We have been working on this initiative for more than a year. This successful transition will drive further efficiency in our G&A and other functions while effectively responding to the changing business needs. With that, I turn the call over to Oleg.

Oleg Khaykin -- President and Chief Executive Officer

Thank you, Amar. Fiscal Q3 was a challenging quarter for Viavi as COVID-19 pandemic migrated from China to Europe and then to the US impacting our operations in R&D centers globally. NSE demand experienced increasing headwinds as the quarter progressed and came in below our expectations. OSP on another hand, saw a late-quarter recovery due to customer order upsides and expedites and, as a result, came in above expectations.

While the combined revenue came in below our guidance range, through disciplined opex management, we delivered the midpoint of our non-GAAP EPS guidance range of $0.14 a share. The NSE business segment was most impacted by COVID-19 headwinds as our customers increasingly went into work-from-home and lockdown mode of operations. Many purchase decisions were either pushed out or placed on hold. That said, at this point, we are not seeing any meaningful order cancellations.

We estimate the overall impact of the pandemic on NSE revenue to be around $20 million. Absent that impact, the Q3 NSE revenue would have been near the midpoint of our guidance range of $204 million to $220 million. Nearly half of NSE revenue shortfall can be attributed to customer and logistics shutdown that resulted in shipments or acceptance getting delayed since no one was available at the customer side to receive products. The other half was a result of demand slowdown with orders pushed out into Q4 and beyond.

This mainly impacted our field instruments product lines. We expect these orders to recover when customers return to their normal mode of operations. COVID-19 also impacted SE revenue with assurance products down from a year ago as customers under lockdown were unable to provide on-site verification and acceptance thereby pushing out revenue recognition into the next quarter. This impact was more modest for enterprise and data center product revenues, which were roughly flat to a year ago.

Our 11 production products, which include 5G wireless and 400-gig fiber, delivered as expected. R&D spend generally held up well during the Q3 and continued strong into Q4 as customers continue to invest in 5G and 400-gig technology rollouts. Lastly, our NSC operations team has performed admirably and we did not experience any logistical or supply chain issues that would have impacted our deliveries. The OSP business segment responded well to the challenges of the pandemic lockdown and exceeded our guidance range expectations.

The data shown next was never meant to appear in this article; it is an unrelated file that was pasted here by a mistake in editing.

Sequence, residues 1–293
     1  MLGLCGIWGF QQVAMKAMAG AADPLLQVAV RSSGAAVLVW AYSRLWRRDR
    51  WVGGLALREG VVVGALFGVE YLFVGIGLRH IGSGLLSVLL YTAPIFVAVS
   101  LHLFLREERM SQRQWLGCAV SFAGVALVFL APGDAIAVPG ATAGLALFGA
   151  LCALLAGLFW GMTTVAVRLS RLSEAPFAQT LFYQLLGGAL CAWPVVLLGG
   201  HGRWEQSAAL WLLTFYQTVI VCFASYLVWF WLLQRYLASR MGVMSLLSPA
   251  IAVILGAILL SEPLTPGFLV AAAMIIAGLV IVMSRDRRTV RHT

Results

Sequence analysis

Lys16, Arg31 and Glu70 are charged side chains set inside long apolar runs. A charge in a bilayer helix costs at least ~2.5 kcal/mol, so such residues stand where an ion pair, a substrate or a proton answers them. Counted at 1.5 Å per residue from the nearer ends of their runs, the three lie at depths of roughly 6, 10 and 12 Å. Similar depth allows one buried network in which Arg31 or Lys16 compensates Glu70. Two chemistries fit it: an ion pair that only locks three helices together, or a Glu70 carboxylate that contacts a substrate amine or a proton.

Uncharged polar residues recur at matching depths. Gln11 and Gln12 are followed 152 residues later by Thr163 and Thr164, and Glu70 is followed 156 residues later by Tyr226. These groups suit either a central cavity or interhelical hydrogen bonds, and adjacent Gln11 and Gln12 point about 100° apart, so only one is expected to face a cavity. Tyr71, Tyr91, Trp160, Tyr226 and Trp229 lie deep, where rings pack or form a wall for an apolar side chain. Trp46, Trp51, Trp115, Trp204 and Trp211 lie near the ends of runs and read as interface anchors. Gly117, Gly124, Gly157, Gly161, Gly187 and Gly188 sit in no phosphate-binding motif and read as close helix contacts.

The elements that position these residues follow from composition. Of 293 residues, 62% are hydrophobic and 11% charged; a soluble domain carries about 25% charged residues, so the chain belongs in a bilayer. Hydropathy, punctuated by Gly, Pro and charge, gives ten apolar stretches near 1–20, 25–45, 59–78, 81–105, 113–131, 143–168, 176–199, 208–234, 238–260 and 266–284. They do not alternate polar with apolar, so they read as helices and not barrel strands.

When our Chinese operations got impacted by the lockdown, our California operations made up the difference. When California enacted the shelter in place order beginning in mid-March, we were able to leverage our Chinese operations. Anti-counterfeiting revenues came in better than expected. We saw increased security pigment demand toward the end of the quarter.

While the visibility remains limited as to whether or not these positive trends would continue, we expected a minimum, the core OSP business to maintain its $50 million per quarter run rate for the next several quarters. Additionally, given the broad-based financial stimulus measures announced by various governments, together with a healthy banknote redesign pipeline, we have a positive view on the medium-term outlook for anti-counterfeiting products. Our 3D sensing revenue came in below our expectations during the quarter as customers reacted to pandemic-driven supply chain disruptions and reduced end market demand. We expect these trends to continue into Q4.

However, we expect a seasonally stronger second half of calendar-year 2020. We expect the end market demand volatility and macroeconomic headwinds to persist in the near future. That said, Viavi is well-positioned to persevere. We have a strong balance sheet and liquidity, which combined with our market leadership and disciplined cost management sets us up well to manage the impact.

Our major growth drivers remain intact as do our core products, some of which provide a counter cyclical benefit during recessionary times. Historically, in a down market, service providers place more focus on maintaining and improving efficiency of their existing networks versus in new construction, which benefits some of our product NSE product lines. In OSP, we expect stable demand for banknote reprints during the economic downturns, which would the result in steady demand for our anti-counterfeiting products. In conclusion, I would like to express a special thanks to my Viavi team for their extraordinary performance during these challenging times.

I also wish all our employees, supply chain partners, customers and our shareholders to stay safe and healthy. I will now turn the call over to Bill.

Bill Ong -- Head of Investor Relations

Thank you, Oleg. This quarter, we will be participating at the following conference virtually: the J.P. Morgan Global Technology Investor Conference on May 14, the Craig-Hallum Investor Conference on May 27 and the Stifel Cross Sector Insight Investor Conference on June 9. Ian, let's begin the question-and-answer session.

Questions & Answers:


Operator

[Operator instructions] Your first question comes from the line of Mehdi Hosseini of Susquehanna. Your line is open.

Mehdi Hosseini -- Susquehanna International Group -- Analyst

Yes. Thanks for taking the question. I wanted to get an update on the rollout of 400 gig and how do you see that evolving over the next few quarters? Then I have a follow-up.

Oleg Khaykin -- President and Chief Executive Officer

Sure. Well, I mean, a lot of our customers are rolling out 400-gig modules. So when we talk about our 400-gig rollout, that basically means we are selling production test equipment, as well as some of the lab equipment to these customers, both the module manufacturers, as well as the system manufacturers. And we are continuing to see very strong demand for router modules.